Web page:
On 13 February 2012, President Obama released his official budget request for fiscal year (FY) 2013. According to the White House, the spending plan would cut the nationâ€™s deficit by $4 trillion over the next decade and would avoid the $1.2 trillion in automatic spending cuts mandated by the debt limit deal reached last August. The deficit reductions would be achieved by increased revenues, including higher taxes on families earning more than $250,000, and spending cuts.
â€œI am proposing a 5-year freeze on all discretionary spending outside of security,â€ wrote President Obama in his message that accompanied the spending plan. â€œThis is not an across-the-board cut, but rather an overall freeze with investments in areas critical for long-term economic growth and job creation. A commonsense approach where we cut what doesnâ€™t work and invest in those things that make America stronger and our people more prosperous. Over a decade, this freeze will save more than $400 billion, cut non-security funding to the lowest share of the economy since at least 1962, and put the discretionary budget on a sustainable trajectory.â€
Preliminary analysis suggests that science agencies fair reasonably well as compared to some other program areas. Overall, the President has proposed $140.8 billion for research and development (R&D) spending. Non-defense R&D would increase by about 5 percent from the 2012 level. The National Science Foundation (NSF) would receive $7.4 billion, a $340 million increase above the FY 2012 enacted level. The Administrationâ€™s funding priorities include cross-cutting research in advanced manufacturing, clean energy, wireless communications, and science and mathematics education. â€œ[L]ower priority education and research programs that lack evidence of impact or do not align well with NSFâ€™s core mission responsibilitiesâ€ would be eliminated, according to budget documents. Details on how the $66 million in savings are achieved are not yet available. NSFâ€™s Research and Related Activities account would receive nearly $6 billion, a funding increase of roughly 5 percent above FY 2012 enacted. The Biological Sciences Directorate, which is funded from this account, could see an increase of $22 million (+3.1 percent). Education and Human Resources would increase by $47 million, whereas the Major Research Equipment and Facilities Construction account would be flat.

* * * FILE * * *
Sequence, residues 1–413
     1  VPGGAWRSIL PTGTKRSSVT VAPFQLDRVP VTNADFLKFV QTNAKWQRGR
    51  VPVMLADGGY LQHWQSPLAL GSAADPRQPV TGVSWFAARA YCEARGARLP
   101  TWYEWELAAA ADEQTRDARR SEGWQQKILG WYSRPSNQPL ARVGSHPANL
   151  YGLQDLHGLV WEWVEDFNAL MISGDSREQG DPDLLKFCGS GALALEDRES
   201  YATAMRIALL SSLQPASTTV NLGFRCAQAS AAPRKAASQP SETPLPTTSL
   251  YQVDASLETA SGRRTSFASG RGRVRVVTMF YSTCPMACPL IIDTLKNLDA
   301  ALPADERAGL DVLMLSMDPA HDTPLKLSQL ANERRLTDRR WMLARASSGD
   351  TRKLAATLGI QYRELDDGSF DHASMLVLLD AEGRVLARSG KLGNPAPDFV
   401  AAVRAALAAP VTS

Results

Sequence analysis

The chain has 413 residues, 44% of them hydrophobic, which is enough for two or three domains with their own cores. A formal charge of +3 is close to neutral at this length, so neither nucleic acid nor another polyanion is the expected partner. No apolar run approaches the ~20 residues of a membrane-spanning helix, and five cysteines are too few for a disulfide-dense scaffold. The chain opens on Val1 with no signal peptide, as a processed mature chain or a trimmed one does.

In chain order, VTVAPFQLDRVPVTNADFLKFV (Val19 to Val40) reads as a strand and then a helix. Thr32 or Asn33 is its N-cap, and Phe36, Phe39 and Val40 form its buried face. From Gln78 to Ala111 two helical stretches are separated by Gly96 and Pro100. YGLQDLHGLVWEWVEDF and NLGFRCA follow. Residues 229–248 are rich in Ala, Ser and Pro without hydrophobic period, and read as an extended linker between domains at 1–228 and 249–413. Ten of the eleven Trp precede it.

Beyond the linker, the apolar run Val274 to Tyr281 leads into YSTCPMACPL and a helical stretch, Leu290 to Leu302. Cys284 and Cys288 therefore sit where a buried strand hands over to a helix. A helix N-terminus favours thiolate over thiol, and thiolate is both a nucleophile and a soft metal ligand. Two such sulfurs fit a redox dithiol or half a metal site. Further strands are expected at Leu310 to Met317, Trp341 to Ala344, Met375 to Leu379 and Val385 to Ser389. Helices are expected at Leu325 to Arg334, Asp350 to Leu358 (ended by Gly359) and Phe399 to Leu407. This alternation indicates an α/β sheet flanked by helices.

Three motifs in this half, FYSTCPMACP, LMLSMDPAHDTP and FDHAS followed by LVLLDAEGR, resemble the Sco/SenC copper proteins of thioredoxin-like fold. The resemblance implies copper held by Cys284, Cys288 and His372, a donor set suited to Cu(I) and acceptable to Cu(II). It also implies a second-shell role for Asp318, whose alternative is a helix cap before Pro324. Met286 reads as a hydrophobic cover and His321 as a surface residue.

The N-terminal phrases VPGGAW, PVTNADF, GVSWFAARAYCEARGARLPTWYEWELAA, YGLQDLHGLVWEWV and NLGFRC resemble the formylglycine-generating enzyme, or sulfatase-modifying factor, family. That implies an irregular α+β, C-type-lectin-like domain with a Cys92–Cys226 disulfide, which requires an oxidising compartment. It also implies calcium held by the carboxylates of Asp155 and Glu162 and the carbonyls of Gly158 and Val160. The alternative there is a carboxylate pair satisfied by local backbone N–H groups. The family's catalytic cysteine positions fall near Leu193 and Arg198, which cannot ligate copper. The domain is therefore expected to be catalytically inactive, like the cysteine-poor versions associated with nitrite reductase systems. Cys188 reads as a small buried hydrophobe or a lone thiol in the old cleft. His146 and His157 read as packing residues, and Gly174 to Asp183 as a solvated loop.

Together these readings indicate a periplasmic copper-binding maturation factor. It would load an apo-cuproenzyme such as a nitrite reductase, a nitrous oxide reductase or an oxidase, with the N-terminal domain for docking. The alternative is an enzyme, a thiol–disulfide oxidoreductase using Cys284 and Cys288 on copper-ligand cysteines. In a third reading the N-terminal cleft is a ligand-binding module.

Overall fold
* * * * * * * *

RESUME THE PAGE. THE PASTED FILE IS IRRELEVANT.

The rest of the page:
The following provides a quick first look at the top line numbers for some other key federal science agencies.
- Environmental Protection Agency: $8.3 billion (-$104.9 million); Science and Technology would receive $807.3 million (+$13.5 million)
- United States Geological Survey: $1.1 billion (+$34.5 million); the Ecosystems activity would receive $177.9 million (+$16.6 million)
- National Institutes of Health: $30.7 billion, which is essentially unchanged from FY 2012
- National Oceanic and Atmospheric Administration: $5.2 billion (+$160 million)
- United States Department of Agriculture: Agriculture and Food Research Initiative would receive $325 million (+$60.5 million); the Agricultural Research Service would receive $1.1 billion (-$7.9 million)
- Department of Energy Office of Science: $5.0 billion (+$118.4 million); Biological and Environmental Research would receive $625.3 million (+$15.8 million)
- National Aeronautics and Space Administration: $17.7 billion (-$58.6 million)
More detailed analysis of the Presidentâ€™s budget request will be provided by AIBS in the coming days.